Smart Spirits is a new entrant in the at-home, pod-based, connected countertop cocktail appliance market (hat tip to The Drinks Business). Though unlike it’s competition, Smart Spirits doesn’t make mixed cocktails, it’s system creates a simulacra of straight up booze like whiskey, gin, rum and more.

Smart Spirits is basically a Keurig for spirits, with four parts to its system: A Bluetooth enabled dispenser, a bottle of “grain neutral spirit” drink, and a variety of flavor pods like “The Taste of American Bourbon,” and a mobile app you can use to control everything. Once set up, you create your drink and can even control the strength of the drink or add water.

Smart Spirits is taking a different approach from other alcohol-related home countertop appliances like Bartesian and Drinkworks. Those devices mix together actual cocktails like mai-tais and cosmopolitans. Smart Spirits just makes the base booze that you can either drink straight or use with other ingredients to make mixed cocktails on your own.

Whiskey and gin snobs will undoubtedly scoff at such a machine and Smart Spirits’ claim that “it is now possible to replicate the taste from the aging process with natural and nature identical flavours…” But aficionados are probably not Smart Spirits’ target market.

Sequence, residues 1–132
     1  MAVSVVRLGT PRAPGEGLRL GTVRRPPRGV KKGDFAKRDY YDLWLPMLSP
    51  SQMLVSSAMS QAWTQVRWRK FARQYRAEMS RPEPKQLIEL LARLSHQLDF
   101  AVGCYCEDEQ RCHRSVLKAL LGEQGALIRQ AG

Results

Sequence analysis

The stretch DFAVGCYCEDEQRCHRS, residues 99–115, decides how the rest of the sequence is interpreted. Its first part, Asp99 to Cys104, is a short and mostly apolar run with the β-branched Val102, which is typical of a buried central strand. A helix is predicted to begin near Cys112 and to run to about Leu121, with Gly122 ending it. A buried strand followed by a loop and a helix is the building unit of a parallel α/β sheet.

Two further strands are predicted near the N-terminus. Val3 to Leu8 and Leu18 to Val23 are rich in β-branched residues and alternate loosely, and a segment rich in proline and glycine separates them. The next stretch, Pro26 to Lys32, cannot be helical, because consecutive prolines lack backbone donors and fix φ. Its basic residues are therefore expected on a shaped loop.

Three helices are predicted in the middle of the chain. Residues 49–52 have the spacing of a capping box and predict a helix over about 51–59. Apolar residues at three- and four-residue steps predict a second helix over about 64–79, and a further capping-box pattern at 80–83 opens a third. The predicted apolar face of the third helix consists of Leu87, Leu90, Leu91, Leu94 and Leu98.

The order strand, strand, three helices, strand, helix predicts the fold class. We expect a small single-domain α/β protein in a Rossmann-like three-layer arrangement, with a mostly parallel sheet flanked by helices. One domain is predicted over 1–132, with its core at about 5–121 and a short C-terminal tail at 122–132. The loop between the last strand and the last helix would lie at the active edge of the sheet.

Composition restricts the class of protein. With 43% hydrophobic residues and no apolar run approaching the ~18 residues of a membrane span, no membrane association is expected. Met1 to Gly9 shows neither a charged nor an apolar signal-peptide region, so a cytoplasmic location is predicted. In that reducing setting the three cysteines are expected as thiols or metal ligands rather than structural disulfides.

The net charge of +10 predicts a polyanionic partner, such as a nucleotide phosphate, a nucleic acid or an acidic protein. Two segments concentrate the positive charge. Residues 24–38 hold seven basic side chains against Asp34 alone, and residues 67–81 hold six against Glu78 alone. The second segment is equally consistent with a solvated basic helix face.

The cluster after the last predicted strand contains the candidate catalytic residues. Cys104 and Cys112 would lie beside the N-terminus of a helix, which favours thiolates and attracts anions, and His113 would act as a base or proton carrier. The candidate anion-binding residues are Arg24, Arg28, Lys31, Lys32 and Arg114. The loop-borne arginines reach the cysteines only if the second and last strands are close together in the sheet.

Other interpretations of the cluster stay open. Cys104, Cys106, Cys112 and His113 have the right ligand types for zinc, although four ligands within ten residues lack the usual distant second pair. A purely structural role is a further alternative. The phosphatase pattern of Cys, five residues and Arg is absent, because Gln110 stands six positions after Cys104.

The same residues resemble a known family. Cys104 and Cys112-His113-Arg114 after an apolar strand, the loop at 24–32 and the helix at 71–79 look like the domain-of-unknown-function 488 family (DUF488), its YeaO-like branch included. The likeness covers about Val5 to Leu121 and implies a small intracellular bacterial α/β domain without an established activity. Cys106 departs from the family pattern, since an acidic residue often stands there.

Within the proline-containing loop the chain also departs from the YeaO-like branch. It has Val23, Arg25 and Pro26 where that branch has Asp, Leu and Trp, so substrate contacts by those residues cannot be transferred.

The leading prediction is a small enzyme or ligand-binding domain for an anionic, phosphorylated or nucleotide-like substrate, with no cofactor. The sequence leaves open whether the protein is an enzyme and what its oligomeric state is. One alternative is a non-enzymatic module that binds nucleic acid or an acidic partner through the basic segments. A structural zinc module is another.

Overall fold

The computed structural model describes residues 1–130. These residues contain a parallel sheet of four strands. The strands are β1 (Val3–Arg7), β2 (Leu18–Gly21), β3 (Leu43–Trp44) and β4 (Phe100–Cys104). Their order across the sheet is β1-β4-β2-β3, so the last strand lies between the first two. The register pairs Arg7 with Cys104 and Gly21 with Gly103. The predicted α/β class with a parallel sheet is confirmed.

When I think about it further, however, I’m not sure who the target market is. Figuring this out is even harder as there isn’t any pricing information on the site for either the machine or the grain spirit or the flavor pods. So we don’t know how much any of it costs, or if there’s a subscription.

At first, this seems to be a fit for space-conscious millennials as there’s no need to buy or stock a full bar’s worth of bottles when you can get all the boozey flavor you want from easily stored pods. But since this only makes base drinks, you’d still need mixers like vermouth or curacao or Tide pods or whatever it is the kids are drinking these days.

Like so many other things, however, the success or failure of Smart Spirits will come down to execution. If it can indeed recreate “The Taste of Irish Whiskey,” it may find its niche among people the tech savvy who like to drink, but don’t want a bunch of bottles cluttering up their place.

We’ll see as the Smart Spirits System will roll out this year across the U.S., U.K., and European Union.

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